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PIRAEUS, GREECE - SEPTEMBER 29: The German cruise liner "Mein Schiff 6" with a dozen Covid-19 infected passengers on board is docked in the Greek port of Piraeus on September 29, 2020 in Athens, Greece. All 922 vacationers and 666 crew members are to undergo a coronavirus test and must remain on board until further notice. (Photo by Milos Bicanski/Getty Images)

The Centers for Disease Control and Prevention are now allowing cruise ships to sail in U.S. waters starting Sunday. But they may not be able to have passengers on board.

The CDC;s  “Framework for Conditional Sailing Order,” replaces the eight-month “no sail” order which expires this weekend. Announced earlier today, it “introduces a phased approach for the safe and responsible resumption for passenger cruises,” the CDC said in a press release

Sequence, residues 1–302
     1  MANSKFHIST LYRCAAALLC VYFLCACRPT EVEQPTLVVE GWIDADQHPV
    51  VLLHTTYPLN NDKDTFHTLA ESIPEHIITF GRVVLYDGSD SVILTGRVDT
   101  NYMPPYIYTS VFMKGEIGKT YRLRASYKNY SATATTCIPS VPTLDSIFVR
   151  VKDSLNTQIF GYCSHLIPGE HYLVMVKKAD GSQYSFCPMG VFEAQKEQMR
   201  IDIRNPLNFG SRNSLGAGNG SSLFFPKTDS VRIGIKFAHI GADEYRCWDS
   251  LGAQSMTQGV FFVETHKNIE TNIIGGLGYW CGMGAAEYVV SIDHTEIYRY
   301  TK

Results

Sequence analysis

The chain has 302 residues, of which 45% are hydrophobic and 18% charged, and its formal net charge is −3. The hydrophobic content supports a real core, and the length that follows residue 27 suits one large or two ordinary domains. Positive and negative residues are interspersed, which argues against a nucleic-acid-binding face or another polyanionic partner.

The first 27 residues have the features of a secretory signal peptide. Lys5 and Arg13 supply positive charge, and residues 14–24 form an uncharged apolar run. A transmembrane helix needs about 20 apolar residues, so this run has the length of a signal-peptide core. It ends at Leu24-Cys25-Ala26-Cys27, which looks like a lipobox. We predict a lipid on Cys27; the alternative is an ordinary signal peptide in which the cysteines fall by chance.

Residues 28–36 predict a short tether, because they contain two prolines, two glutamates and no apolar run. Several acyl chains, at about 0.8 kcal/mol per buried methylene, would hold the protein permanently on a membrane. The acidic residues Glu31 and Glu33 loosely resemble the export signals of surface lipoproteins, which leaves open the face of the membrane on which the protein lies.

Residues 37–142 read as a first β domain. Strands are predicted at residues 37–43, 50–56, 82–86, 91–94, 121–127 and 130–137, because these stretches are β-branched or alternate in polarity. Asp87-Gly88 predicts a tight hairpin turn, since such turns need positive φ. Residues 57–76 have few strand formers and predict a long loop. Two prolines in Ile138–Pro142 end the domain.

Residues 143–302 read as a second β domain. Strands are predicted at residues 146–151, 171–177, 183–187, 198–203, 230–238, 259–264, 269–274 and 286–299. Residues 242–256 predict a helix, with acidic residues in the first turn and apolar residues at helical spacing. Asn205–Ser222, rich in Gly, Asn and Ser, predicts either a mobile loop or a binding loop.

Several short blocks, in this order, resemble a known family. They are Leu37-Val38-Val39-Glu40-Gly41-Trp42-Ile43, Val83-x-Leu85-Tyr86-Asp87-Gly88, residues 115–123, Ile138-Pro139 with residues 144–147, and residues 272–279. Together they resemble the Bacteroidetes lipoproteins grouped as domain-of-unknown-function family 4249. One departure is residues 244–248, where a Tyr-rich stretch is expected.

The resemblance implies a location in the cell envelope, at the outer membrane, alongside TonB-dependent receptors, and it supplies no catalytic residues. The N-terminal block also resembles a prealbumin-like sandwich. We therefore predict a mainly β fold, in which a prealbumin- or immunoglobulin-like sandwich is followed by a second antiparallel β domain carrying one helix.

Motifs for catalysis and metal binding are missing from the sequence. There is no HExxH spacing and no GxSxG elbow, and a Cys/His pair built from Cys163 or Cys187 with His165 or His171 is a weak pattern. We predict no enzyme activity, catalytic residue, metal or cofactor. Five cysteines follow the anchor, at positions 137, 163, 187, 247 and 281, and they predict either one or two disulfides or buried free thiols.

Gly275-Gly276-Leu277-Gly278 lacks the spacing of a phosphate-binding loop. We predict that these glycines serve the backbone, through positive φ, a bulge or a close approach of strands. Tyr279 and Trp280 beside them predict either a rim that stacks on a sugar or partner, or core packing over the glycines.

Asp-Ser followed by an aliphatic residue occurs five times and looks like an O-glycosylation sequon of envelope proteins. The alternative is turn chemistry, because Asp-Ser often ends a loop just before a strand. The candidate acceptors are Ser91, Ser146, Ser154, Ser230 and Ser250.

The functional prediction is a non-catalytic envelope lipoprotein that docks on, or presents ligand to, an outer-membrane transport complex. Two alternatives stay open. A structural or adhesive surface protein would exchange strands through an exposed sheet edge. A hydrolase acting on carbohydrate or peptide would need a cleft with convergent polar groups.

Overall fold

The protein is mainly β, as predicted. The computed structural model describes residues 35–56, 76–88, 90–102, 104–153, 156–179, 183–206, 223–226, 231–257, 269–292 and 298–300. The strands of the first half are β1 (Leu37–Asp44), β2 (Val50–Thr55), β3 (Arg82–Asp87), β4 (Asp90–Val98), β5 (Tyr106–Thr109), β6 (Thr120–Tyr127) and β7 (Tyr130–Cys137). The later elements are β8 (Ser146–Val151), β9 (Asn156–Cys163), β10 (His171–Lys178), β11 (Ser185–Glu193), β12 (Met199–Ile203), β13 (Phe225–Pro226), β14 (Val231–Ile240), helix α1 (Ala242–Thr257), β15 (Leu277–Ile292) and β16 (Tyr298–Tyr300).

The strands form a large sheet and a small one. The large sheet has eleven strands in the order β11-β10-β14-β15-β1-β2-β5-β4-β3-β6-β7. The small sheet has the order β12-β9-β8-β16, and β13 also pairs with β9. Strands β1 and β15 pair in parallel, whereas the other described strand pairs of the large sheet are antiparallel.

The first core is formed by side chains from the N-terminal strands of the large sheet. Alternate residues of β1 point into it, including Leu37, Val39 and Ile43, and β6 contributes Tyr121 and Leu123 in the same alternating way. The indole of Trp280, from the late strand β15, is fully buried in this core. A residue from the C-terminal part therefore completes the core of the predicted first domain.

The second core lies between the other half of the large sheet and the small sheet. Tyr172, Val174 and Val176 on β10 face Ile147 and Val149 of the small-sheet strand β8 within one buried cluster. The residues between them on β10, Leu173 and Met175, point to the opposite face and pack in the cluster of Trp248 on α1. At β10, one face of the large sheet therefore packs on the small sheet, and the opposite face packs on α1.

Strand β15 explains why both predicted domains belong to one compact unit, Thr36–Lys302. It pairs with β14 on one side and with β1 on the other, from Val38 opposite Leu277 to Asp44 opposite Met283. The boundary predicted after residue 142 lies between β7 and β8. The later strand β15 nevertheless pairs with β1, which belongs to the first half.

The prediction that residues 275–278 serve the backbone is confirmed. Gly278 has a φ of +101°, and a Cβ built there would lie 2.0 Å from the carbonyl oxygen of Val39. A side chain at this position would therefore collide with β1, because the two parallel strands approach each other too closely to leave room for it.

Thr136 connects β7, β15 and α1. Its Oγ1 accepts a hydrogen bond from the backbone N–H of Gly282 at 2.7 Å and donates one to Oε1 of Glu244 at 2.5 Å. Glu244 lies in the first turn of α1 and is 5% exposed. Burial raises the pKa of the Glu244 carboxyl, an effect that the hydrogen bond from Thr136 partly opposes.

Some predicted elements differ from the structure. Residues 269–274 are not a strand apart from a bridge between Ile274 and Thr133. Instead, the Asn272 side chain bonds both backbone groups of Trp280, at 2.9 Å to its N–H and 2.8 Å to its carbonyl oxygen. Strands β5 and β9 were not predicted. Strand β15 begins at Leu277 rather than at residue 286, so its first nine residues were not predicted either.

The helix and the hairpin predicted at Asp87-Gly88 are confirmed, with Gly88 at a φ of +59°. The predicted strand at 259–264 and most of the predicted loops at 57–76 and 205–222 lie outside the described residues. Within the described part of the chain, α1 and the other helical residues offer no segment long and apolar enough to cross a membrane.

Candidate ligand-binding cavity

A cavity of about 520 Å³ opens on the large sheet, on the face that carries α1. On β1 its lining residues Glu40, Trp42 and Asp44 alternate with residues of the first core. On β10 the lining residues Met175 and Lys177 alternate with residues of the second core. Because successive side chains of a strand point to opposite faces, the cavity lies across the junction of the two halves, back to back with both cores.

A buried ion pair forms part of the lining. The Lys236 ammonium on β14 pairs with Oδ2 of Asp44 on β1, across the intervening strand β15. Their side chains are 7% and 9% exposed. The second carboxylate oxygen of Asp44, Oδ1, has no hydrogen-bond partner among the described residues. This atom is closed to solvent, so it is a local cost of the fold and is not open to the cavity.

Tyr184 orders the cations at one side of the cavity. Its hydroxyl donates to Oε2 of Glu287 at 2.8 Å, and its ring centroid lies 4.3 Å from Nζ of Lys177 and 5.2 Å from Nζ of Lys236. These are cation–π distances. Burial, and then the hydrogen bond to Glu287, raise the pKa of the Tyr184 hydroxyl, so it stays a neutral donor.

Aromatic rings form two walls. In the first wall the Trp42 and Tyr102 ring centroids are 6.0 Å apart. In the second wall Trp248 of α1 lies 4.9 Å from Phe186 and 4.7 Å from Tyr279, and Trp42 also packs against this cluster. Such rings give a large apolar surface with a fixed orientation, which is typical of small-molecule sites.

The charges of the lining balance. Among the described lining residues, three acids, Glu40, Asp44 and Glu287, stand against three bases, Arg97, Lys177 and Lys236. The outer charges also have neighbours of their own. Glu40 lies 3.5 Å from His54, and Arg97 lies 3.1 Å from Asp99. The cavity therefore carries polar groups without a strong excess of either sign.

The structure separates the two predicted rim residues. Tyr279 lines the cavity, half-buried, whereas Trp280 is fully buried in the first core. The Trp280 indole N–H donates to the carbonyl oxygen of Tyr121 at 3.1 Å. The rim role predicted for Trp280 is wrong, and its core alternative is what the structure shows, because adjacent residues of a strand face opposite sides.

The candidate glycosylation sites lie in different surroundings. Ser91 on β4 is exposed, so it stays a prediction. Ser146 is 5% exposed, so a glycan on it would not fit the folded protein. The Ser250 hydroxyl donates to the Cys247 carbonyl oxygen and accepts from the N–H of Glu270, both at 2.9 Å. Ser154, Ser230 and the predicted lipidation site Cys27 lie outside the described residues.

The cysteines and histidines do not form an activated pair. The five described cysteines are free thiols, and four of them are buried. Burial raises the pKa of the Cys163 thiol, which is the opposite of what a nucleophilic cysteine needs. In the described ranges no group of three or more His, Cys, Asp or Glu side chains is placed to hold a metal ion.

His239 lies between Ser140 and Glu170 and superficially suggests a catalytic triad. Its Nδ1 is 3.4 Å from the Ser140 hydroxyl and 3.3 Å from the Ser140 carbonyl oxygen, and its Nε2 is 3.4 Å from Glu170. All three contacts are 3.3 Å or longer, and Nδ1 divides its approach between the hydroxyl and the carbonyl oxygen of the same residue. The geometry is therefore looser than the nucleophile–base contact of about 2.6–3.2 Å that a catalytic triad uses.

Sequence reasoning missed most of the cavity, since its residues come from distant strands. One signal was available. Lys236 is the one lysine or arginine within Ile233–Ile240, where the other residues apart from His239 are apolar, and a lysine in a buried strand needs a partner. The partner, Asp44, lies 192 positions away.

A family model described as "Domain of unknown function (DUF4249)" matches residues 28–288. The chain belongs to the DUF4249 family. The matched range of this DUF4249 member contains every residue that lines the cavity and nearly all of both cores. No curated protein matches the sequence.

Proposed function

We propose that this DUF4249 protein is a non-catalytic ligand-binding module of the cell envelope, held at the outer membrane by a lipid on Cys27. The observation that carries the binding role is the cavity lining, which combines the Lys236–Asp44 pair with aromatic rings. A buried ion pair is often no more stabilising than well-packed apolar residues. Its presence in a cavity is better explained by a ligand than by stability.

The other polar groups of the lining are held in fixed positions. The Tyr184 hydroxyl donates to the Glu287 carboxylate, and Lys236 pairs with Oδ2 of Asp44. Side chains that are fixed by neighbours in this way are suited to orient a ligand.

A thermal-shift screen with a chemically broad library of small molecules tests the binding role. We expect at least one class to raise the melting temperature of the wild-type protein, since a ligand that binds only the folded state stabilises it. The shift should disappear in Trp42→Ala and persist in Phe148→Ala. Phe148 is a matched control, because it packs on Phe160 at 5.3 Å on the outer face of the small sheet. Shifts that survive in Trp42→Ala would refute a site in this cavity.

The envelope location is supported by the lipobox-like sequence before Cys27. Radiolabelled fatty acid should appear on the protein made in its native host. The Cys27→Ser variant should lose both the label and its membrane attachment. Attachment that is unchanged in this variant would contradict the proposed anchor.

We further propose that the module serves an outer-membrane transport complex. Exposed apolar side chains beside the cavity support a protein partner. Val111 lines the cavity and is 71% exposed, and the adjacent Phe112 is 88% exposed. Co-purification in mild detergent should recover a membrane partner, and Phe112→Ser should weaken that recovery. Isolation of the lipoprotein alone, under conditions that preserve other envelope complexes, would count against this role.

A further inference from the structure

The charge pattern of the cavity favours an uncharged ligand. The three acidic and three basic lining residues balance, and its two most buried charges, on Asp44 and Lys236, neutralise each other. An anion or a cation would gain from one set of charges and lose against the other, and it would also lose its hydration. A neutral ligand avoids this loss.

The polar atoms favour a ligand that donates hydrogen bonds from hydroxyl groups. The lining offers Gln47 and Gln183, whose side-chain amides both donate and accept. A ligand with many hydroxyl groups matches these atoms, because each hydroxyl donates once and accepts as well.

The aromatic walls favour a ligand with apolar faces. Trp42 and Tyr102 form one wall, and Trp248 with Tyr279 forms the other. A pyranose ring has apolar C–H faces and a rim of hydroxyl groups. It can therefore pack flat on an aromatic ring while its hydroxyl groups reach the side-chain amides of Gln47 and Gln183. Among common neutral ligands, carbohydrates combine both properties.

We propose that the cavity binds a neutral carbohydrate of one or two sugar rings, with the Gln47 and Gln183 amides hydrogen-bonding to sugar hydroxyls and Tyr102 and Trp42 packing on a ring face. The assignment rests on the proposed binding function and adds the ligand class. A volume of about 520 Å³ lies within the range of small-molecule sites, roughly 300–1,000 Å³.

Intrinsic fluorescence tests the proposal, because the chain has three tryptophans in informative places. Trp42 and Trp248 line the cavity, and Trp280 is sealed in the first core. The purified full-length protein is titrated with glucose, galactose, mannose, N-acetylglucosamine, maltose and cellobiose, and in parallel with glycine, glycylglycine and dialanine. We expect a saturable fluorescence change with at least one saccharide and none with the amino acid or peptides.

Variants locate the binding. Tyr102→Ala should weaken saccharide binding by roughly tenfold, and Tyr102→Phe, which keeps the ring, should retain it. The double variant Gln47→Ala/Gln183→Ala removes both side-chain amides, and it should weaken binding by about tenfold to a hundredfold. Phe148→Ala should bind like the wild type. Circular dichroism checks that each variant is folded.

USA Today reports that Dr. Martin Cetron, director of the CDC’s Division of Global Migration and Quarantine said, “This ‘Framework of Conditional Sailing’ lays out a pathway – a phased, deliberate and intentional pathway – toward resuming passenger services but only when it is safe, when [the cruise industry] can assure health and when they are responsible with respects of needs of crew passengers and port communities.”

The first cruises to leave port will be “simulation” sailings designed to show that ships and crews are in compliance with CDC standards and able to mitigate the spread of COVID-19 onboard.